The growth faults gave rise to antithetic and synthetic faults which result in the formation of rollover anticlines, shale ridges and diapers. They are formed as a result of load compaction and differential subsidence due to rapid sedimentation. The growth faults serve as migratory pathways for hydrocarbon emplacement into the structure. The distal part of the delta consists of marine shales which are characteristically overpressurized and hydrocarbons are emplaced from the marine shales into reservoir by episodic charging due to dissipation of overpressure via fracturing, healing of the fractures and refracturing (Tuttle et al. 1999).

The Nembe Creek (Fig. 1) is in the coastal swamp of the Niger Delta in the Oil Mining License (OML) for block 29. The Nembe Creek reservoir (Fig. 1) is in the Middle Miocene deltaic sandstone–shale sequence. The structure is dissected by numerous growth faults steeping upwards. The shallow sandstone reservoirs are faulted such that spill points are generated at remarkable uniform depths resulting in similarity of fluid contact depth. A transgressive shale formation overlay the reservoir, which makes up the caprock (Nelson 1980).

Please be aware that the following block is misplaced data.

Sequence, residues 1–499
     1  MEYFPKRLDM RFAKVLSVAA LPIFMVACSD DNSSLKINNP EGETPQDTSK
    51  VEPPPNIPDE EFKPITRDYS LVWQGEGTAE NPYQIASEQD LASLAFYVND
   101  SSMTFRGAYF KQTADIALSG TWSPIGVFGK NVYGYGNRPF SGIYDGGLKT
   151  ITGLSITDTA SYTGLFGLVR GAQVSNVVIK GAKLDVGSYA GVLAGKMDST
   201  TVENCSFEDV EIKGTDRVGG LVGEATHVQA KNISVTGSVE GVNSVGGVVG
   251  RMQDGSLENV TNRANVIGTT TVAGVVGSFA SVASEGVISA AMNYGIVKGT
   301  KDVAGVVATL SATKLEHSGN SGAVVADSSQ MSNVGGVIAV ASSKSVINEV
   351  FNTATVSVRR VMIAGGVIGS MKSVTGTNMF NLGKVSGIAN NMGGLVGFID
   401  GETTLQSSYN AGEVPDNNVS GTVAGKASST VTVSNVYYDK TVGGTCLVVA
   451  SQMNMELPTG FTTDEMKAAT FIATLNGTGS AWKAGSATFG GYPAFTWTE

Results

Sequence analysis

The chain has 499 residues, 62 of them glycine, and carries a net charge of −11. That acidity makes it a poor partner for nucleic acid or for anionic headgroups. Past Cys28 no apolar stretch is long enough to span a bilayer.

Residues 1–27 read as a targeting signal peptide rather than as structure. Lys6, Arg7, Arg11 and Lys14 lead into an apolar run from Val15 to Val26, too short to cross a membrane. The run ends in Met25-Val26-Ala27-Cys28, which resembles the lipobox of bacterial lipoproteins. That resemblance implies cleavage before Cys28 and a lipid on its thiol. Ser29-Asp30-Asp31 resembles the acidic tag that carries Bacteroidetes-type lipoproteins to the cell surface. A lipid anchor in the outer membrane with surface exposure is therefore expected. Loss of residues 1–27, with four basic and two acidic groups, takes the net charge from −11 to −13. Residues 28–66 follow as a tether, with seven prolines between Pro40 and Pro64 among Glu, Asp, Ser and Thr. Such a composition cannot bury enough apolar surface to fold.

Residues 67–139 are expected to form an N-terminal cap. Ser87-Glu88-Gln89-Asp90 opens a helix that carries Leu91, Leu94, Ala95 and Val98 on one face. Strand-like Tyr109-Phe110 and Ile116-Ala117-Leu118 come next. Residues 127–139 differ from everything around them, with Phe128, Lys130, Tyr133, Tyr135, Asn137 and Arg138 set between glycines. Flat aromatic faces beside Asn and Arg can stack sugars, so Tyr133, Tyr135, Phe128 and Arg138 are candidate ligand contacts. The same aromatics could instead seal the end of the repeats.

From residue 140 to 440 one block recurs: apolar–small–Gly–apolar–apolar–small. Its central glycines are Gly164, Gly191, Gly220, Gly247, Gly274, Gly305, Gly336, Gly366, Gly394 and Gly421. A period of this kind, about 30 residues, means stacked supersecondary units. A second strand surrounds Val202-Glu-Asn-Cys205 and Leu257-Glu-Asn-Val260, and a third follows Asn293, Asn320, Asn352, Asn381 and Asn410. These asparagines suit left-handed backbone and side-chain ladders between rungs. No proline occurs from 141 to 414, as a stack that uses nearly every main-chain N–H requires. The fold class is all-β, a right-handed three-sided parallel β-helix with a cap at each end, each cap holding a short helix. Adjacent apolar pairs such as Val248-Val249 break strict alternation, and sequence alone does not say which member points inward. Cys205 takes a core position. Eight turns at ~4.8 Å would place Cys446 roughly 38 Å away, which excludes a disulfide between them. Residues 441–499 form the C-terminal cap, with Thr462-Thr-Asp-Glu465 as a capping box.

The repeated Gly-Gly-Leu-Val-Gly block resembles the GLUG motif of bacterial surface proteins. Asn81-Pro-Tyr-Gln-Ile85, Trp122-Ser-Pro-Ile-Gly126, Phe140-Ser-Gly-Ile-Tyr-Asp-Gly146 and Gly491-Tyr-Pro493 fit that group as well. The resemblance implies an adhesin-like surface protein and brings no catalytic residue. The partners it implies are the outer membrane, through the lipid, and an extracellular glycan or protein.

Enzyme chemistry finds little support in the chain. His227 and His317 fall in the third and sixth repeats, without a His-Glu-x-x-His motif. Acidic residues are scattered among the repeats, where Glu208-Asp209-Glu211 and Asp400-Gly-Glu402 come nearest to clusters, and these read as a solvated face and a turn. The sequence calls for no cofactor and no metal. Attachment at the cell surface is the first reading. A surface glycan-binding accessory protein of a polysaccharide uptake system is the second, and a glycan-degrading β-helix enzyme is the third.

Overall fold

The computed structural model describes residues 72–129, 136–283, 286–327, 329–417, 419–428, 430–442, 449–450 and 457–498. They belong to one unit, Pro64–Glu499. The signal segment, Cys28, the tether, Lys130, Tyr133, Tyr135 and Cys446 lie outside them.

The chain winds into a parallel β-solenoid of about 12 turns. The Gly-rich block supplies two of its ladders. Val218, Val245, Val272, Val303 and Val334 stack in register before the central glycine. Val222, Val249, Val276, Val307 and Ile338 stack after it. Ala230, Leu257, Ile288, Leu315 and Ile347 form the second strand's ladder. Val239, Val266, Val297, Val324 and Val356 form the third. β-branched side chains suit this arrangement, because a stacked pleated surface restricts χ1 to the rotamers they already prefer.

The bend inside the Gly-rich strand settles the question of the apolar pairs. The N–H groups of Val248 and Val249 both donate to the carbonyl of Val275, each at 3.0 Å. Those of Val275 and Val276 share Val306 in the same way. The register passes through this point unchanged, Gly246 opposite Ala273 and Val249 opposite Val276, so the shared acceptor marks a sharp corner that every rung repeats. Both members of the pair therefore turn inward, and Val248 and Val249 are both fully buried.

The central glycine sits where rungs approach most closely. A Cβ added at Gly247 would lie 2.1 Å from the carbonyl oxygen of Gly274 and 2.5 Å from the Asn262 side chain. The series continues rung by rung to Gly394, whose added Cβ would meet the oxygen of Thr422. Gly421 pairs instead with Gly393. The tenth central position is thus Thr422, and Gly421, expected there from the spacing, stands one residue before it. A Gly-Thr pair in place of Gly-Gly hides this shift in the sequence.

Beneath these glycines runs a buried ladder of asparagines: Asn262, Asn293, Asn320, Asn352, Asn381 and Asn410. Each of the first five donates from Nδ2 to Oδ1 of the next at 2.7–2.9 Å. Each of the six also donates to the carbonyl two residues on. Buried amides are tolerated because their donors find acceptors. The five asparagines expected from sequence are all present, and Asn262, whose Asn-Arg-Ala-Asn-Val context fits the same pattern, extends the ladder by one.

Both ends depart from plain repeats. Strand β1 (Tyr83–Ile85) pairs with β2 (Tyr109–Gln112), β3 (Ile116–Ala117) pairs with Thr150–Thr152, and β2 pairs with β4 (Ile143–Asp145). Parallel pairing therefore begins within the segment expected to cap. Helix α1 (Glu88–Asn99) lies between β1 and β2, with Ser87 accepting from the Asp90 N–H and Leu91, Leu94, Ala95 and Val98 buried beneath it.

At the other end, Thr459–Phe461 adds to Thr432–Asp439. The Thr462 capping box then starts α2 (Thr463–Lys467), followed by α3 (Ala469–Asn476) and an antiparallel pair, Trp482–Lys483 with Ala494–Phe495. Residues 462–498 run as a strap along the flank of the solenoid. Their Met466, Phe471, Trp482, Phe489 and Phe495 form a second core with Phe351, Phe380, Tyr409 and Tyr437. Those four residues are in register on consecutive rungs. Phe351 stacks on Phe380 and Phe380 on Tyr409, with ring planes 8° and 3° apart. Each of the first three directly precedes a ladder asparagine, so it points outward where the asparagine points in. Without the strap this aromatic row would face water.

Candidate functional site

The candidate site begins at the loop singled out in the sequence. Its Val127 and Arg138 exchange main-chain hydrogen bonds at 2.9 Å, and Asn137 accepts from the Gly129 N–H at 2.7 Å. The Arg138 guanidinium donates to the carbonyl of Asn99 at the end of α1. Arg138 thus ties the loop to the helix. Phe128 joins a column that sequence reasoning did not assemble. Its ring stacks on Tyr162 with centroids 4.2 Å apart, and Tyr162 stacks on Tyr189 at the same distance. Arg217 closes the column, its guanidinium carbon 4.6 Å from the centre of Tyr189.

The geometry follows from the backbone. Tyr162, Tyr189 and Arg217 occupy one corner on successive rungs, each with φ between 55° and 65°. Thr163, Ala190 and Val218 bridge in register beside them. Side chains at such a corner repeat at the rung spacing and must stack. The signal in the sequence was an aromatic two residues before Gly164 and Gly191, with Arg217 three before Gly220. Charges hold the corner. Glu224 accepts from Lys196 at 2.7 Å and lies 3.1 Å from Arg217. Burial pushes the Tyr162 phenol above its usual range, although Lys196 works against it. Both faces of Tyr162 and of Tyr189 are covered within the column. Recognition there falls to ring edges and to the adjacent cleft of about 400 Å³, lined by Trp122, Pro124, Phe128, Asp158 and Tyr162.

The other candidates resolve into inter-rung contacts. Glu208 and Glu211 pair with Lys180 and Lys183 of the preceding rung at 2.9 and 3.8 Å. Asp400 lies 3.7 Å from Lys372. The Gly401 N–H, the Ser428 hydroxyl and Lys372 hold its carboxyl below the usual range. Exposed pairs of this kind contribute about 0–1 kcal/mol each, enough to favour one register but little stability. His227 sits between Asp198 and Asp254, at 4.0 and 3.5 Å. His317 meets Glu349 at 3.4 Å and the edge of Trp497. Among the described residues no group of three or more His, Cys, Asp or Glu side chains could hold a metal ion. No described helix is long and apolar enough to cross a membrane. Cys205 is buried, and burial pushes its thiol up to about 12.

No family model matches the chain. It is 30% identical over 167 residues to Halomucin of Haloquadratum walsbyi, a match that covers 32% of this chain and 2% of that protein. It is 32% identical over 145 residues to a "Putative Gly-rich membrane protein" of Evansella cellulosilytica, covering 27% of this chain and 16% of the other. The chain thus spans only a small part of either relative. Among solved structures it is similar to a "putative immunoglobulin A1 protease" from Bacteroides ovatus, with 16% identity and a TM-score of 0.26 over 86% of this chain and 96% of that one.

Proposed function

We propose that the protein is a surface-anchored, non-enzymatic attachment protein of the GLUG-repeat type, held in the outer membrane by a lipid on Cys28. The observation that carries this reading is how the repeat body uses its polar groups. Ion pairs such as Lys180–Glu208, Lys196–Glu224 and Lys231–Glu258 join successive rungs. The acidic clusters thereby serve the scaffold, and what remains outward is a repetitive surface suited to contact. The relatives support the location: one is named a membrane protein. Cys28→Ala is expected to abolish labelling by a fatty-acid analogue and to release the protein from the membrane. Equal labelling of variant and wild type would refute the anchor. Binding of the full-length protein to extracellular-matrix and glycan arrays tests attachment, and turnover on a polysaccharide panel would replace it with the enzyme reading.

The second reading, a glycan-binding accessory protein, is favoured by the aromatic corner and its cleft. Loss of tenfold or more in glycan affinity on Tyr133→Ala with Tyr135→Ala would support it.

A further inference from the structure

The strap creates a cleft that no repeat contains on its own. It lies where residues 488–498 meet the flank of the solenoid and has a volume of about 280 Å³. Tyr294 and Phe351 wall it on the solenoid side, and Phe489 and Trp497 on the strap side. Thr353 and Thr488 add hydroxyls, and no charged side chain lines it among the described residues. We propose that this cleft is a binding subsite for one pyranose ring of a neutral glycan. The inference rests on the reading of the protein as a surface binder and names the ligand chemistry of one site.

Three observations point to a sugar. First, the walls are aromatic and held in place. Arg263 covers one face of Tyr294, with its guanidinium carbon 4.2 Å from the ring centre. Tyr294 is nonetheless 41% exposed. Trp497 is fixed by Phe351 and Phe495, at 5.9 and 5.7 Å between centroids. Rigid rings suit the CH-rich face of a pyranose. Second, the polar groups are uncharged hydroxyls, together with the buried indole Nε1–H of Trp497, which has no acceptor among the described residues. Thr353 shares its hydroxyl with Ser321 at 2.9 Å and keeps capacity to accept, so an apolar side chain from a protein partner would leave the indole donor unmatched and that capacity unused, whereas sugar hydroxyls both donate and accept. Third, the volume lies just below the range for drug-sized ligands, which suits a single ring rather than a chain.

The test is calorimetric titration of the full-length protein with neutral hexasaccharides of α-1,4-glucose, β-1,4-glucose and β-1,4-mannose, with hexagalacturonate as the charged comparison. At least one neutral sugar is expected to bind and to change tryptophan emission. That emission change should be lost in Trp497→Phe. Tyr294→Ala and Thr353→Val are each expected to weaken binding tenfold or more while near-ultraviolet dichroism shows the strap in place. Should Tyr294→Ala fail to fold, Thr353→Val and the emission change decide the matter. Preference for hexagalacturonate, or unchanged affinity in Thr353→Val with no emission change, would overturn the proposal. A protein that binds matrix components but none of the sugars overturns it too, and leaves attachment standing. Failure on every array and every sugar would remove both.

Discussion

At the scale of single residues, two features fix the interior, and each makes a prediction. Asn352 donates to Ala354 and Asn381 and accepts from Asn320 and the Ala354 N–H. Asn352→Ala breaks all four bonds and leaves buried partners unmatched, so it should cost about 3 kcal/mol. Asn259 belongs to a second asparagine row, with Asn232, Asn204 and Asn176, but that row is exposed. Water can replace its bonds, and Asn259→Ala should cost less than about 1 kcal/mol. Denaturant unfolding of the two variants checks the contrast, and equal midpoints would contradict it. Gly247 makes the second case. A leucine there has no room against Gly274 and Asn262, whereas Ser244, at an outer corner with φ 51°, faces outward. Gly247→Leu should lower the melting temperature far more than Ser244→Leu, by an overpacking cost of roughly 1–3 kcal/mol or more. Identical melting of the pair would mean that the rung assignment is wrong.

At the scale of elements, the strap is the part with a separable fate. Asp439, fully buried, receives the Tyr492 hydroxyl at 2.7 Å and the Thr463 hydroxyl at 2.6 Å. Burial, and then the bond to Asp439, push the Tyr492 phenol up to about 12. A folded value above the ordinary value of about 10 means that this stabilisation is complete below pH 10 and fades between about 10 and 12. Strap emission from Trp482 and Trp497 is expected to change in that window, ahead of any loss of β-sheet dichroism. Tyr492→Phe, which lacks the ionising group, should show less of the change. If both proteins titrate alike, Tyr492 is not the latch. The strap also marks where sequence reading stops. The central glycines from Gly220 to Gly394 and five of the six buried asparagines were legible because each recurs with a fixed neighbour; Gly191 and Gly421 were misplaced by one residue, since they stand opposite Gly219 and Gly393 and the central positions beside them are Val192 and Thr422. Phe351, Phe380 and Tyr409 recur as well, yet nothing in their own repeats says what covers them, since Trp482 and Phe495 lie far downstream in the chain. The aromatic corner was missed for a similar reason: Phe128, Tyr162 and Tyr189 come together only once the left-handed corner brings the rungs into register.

Fig. 1
figure1

Map of Nigeria; inset the Nigeria Delta Map showing locations of studied oil fields (Afam, Kolo Creek and Nembe Creek) in red colored circle. Modified from Amos-Uhegbu et al. 2013 and Akpabio et al. 2013

The Kolo Creek oil field (Fig. 1) is an onshore oil field, the reservoir has been dated to the Middle Miocene using palynomorph assemblage and it has been identified to be deposited in the parasequence of shallow marine and deltaic plain deposits. The field is characterized by numerous predominantly E–W trending growth fault, both reservoirs are off the Middle Miocene and of the Agbada formation (Oboh 1993).

Niger Delta source rocks